Effort mounts to stop the 12/13 execution of the co-founder of the Crips.

Silja J.A. Talvi

The path that took Stanley "Tookie" Williams from gang life to Nobel Peace Prize nomination has been a remarkable and most unusual one. Co-founder of the blue-clothing-drenched Crips in S. Central Los Angeles, Williams was eventually convicted of the murder of four people in 1981, a heinous crime that Williams continues to deny he ever committed. What he doesn't deny is the fact of his immersion in a brutal, intensely lived gang lifestyle in which drugs and violence simply went hand in hand. Williams had a well-deserved reputation for being a bad-ass in every possible sense, and not even incarceration on death row initially took that away from him. That is until Williams began to take a hard look at his life, and the circumstances that led him (and other young men) down a particularly self-destructive and violent path. From his cell in San Quentin State Prison, Williams set about writing children's books about ways to avoid gangs, violence, drugs, self-hatred, and incarceration. To date, Williams has written ten of those children's books, in addition to his memoir, Blue Rage, Black Redemption. This summer, Williams received a presidential award from George W. for his volunteer work. None of the recognition matters one bit come Dec. 13th, 2005, the date when Williams is set to be executed by lethal injection by the State of California. Although a federal court recommended clemency in 2002, Gov. Schwarzenegger has not expressed any interest in reversing the planned execution. Organizations including the NAACP have mounted last-minute campaigns to try to stop the execution, in addition to numerous pleas from celebrities, religious leaders and politicians.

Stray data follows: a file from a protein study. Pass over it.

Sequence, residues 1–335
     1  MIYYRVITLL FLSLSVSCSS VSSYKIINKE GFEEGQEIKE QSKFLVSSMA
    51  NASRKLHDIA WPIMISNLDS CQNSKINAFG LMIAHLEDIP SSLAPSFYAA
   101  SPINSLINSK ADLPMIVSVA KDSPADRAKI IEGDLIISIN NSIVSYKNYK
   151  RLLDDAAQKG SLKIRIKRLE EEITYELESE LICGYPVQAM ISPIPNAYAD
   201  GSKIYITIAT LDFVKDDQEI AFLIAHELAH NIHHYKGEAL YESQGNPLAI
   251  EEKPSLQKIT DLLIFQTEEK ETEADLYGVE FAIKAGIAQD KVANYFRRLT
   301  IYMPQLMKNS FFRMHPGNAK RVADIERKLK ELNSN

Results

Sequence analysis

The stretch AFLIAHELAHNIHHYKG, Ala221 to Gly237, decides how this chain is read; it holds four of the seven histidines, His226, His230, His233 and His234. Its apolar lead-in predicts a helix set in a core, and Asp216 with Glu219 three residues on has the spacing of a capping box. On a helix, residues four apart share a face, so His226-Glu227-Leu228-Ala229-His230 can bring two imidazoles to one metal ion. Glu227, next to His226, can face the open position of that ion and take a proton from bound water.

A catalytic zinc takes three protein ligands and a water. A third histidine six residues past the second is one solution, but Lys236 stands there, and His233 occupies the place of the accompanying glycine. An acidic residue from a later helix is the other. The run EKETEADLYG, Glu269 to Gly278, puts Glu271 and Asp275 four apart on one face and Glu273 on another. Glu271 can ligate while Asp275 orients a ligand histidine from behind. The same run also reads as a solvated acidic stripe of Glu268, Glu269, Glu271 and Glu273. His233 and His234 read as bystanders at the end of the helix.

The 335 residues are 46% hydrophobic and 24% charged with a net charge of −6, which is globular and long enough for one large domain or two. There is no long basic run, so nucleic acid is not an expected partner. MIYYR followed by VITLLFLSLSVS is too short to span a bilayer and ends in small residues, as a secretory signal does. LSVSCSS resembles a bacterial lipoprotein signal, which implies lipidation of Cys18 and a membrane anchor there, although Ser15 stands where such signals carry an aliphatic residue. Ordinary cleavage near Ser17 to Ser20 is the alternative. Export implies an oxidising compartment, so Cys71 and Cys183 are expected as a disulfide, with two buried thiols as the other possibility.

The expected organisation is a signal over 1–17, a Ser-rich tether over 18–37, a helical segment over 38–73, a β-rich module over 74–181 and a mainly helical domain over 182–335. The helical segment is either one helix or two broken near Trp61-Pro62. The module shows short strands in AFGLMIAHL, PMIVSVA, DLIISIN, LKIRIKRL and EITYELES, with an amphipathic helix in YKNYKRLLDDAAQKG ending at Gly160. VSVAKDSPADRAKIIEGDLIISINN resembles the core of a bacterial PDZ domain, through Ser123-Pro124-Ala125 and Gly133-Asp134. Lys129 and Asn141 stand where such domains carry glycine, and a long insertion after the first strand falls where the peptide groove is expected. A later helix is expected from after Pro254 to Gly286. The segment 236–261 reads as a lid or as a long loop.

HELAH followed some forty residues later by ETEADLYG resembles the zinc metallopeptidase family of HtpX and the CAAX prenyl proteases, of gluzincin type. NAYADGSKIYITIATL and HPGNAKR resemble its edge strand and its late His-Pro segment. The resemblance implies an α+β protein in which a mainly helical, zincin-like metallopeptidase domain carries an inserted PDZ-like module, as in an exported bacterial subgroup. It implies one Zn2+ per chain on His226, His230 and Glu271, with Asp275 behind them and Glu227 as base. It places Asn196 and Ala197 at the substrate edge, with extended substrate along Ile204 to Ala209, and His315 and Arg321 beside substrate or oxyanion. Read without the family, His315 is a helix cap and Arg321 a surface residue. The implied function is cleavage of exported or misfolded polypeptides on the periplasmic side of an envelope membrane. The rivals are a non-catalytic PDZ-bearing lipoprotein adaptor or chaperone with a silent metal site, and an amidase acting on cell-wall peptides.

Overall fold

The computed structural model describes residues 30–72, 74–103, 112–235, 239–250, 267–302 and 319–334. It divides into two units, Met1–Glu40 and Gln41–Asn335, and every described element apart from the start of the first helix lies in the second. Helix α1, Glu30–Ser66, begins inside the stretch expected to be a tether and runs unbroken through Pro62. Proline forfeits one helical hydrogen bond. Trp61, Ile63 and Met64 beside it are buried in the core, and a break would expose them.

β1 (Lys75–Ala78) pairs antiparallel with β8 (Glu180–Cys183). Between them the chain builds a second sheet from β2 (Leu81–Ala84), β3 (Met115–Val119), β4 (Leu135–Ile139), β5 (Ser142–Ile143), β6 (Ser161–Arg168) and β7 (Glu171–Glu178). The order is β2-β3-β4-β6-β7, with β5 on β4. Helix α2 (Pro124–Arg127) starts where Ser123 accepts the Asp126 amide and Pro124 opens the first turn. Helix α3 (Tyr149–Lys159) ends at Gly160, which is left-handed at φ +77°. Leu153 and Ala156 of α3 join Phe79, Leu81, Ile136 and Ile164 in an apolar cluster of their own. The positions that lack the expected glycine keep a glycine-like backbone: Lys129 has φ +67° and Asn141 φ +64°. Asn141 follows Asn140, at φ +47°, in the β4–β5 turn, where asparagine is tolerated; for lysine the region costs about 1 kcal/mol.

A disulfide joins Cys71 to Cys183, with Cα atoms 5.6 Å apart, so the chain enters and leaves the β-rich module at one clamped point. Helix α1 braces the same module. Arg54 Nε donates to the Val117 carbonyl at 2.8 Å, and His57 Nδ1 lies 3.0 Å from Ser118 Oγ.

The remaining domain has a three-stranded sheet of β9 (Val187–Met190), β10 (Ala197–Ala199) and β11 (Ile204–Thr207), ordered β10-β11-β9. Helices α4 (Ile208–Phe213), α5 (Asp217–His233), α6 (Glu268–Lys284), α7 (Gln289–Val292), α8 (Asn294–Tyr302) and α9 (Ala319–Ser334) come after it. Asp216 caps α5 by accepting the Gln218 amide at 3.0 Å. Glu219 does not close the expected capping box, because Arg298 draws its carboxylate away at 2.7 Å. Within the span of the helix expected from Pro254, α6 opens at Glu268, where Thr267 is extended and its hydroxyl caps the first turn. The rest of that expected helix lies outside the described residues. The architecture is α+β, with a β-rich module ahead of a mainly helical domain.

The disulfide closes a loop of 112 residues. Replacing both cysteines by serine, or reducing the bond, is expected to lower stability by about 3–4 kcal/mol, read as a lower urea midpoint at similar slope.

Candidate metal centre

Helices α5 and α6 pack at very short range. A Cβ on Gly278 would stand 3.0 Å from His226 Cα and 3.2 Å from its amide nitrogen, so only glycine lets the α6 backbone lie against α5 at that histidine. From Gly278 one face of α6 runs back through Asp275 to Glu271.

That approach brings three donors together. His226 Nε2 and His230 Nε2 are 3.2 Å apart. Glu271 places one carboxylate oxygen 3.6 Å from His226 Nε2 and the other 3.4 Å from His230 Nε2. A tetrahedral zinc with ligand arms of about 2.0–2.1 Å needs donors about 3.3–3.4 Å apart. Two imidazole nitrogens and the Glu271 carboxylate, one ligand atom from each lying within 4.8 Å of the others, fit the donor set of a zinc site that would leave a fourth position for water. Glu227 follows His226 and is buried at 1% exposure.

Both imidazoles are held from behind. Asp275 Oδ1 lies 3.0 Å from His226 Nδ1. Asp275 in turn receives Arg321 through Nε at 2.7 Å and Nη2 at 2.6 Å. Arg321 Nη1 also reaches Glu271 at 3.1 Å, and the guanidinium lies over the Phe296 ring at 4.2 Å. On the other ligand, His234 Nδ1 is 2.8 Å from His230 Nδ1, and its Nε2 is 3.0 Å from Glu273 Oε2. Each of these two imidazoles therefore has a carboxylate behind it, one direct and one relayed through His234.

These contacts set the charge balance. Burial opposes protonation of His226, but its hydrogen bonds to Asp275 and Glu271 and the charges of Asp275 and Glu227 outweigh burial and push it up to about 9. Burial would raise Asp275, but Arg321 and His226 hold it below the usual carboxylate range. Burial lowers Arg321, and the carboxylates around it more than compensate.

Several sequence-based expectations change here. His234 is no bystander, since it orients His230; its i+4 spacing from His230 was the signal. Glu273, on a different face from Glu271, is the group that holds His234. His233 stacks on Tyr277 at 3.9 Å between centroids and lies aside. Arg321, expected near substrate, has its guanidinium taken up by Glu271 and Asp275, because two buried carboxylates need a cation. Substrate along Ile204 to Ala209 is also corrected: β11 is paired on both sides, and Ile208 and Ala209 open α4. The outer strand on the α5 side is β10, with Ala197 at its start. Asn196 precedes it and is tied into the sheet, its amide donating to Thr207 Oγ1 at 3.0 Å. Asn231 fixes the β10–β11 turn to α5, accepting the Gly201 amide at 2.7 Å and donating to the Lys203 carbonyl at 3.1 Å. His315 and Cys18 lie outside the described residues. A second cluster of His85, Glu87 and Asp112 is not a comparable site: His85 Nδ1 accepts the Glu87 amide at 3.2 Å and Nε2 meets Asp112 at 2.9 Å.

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Silja J.A. Talvi, a senior editor at In These Times, is an investigative journalist and essayist with credits in many dozens of newspapers and magazines nationwide, including The Nation, Salon, Santa Fe Reporter, Utne, and the Christian Science Monitor.
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